Today, this looks like confusing messaging in schools, and continued shame on the part of students when trying to access sanitary supplies. In an article by Story Hinckley, a staff writer for the Christian Science Monitor, Lorena Bascara, a school nurse who has worked in California for over ten years, states: “If the student is in a group, and too embarrassed to ask for a tampon or pad outright, [...] they use secret code phrases, such as ‘Can I have a cookie?’” Some teachers and school staff will even stock their classrooms with tampons and pads, paying for them out-of-pocket, because they know that some students will choose to seek assistance from an adult they know well, instead of the nurse or another student.
Fortunately, work is being done to ensure that students in LAUSD have easier access to free menstrual products if, and when, they need them.
Since 2015, Assemblymember Cristina Garcia has been trying to make it easier for Californians to access sanitary supplies. In 2018, she attempted to repeal California’s sales tax on menstrual products, but the bill was shot down, its opponents citing the fact that it could cost the state $10.5 million annually.
“There is already a ridiculous tax on menstruation products,” says Metzli Esparza, an ERHS student. “We didn’t ask to have periods,” she says. “It’s absolutely crazy how pads and tampons and other sanitary products are taxed as luxury items. Since when is having a period a luxury?”
In 2017, Assemblymember Garcia successfully passed bill AB 10, which requires all Title 1-eligible public schools in California to provide free sanitary products to students in grades 6-12. At Eagle Rock High School, students can go to the Health Office for free sanitary supplies, and, according to ERHS School Nurse Ms. De Leon, there is currently a project underway to put free dispensers in school bathrooms at LAUSD. “There used to be a 25 cent charge years ago,” says Ms. De Leon, “but we've done away with that.”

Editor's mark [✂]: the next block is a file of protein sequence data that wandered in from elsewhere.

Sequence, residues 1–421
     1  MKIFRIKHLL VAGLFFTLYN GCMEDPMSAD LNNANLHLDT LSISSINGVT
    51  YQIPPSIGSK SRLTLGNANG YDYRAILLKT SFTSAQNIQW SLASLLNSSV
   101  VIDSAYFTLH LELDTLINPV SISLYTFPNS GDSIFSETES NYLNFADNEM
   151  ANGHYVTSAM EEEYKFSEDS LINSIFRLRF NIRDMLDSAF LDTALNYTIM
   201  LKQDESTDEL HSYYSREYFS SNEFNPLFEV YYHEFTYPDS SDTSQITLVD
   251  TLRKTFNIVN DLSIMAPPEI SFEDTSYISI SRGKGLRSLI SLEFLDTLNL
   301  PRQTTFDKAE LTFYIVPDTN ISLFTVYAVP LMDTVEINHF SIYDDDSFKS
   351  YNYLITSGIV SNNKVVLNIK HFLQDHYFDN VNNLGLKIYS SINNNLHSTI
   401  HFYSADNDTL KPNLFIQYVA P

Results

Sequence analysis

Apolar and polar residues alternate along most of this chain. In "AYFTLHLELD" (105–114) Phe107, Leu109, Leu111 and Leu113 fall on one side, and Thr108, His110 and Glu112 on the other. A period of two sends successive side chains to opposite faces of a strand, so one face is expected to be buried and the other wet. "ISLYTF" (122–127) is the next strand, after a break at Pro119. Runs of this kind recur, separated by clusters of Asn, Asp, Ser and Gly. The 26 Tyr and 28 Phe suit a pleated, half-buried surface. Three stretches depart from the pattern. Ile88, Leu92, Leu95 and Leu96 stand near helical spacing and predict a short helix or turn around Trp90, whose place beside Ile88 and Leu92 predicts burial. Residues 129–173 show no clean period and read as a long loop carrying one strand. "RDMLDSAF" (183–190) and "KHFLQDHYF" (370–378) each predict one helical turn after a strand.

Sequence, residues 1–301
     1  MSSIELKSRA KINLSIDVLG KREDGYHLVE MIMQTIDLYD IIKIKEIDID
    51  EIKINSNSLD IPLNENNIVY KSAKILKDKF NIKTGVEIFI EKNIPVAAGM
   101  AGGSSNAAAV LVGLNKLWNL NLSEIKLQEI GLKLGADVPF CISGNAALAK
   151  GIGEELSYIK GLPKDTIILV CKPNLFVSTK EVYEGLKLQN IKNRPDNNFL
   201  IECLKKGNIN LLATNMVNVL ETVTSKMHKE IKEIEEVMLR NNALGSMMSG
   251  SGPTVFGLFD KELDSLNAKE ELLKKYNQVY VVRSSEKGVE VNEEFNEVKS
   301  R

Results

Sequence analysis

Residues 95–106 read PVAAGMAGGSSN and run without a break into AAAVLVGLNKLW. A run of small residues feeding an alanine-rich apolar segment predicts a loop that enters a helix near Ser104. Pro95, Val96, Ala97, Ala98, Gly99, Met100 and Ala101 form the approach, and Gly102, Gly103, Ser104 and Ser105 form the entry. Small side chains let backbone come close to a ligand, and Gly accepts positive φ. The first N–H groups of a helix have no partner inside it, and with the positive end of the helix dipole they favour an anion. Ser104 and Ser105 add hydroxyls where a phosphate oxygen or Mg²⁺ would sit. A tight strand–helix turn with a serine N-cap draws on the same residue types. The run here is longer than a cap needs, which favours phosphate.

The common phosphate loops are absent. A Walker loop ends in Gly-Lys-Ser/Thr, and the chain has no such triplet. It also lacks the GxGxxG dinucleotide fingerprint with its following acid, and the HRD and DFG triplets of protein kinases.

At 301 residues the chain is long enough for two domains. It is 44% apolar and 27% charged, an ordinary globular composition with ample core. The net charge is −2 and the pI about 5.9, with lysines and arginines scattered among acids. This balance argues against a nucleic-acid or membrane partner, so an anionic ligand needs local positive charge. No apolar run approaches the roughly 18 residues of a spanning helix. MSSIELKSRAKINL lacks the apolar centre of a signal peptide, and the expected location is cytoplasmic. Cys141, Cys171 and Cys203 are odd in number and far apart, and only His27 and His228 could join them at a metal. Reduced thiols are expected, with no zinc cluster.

The problem, however, is that this message hasn’t gotten through to all students. Metzli, being one such student, oftentimes does not have the necessary change on hand, and when she does, “there isn’t even anything in the [dispensers], and if there were, it wouldn’t matter because they are jammed and don’t even work. I know many others that have had that exact same problem.”
Though free dispensers will be a huge step forward in making menstrual products more available, we still have a long way to go. As of now, in California school districts, free sanitary products are only mandatorily available at schools that serve students in grades six and above, and which qualify for Title 1 funding, allowing many menstruating students to fall through the cracks. For example, some get their period as early as the age of eight, and not all who are unable to afford menstrual supplies attend schools that qualify for Title 1. Additionally, providing tampons and pads in the nurse’s office does not eliminate the societal ridicule faced by those who can’t afford products and those who are not female-identifying. As the L.A. Times states, “‘Sanitary products are vital for the health, well-being and full participation of women and girls — and transgender and nonbinary people who menstruate — in our society.’”
Regarding LAUSD, Metzli Esparza provides an alternative to simply giving products to students via the Health Office. She suggests placing a box full of tampons and pads outside of both bathrooms so that any student who needs a menstrual product could grab one, regardless of which bathroom they use. Providing pads and tampons out in the open would also help to normalize the use of menstrual products (and being unable to afford them), and would eliminate the spectacle of asking a teacher or the school nurse for one.
It is possible to end period poverty by making menstrual products free for all who need them, but we must first tackle our society’s discomfort with periods that makes the topic so difficult.